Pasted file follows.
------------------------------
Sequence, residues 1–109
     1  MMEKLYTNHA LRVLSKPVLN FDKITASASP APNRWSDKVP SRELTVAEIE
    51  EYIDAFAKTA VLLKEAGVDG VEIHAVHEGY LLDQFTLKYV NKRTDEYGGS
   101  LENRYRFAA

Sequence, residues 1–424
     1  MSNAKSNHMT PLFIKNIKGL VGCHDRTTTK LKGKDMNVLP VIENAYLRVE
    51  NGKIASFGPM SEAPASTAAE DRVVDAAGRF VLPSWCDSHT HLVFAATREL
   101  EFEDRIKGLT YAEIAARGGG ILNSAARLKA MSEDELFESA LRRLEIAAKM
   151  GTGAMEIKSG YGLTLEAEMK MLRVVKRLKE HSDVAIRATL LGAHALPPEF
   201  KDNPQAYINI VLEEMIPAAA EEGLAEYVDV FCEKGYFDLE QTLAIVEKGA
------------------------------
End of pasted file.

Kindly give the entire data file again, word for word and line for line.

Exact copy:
Sequence, residues 1–109
     1  MMEKLYTNHA LRVLSKPVLN FDKITASASP APNRWSDKVP SRELTVAEIE
    51  EYIDAFAKTA VLLKEAGVDG VEIHAVHEGY LLDQFTLKYV NKRTDEYGGS
   101  LENRYRFAA

Sequence, residues 1–424
     1  MSNAKSNHMT PLFIKNIKGL VGCHDRTTTK LKGKDMNVLP VIENAYLRVE
    51  NGKIASFGPM SEAPASTAAE DRVVDAAGRF VLPSWCDSHT HLVFAATREL
   101  EFEDRIKGLT YAEIAARGGG ILNSAARLKA MSEDELFESA LRRLEIAAKM
   151  GTGAMEIKSG YGLTLEAEMK MLRVVKRLKE HSDVAIRATL LGAHALPPEF
   201  KDNPQAYINI VLEEMIPAAA EEGLAEYVDV FCEKGYFDLE QTLAIVEKGA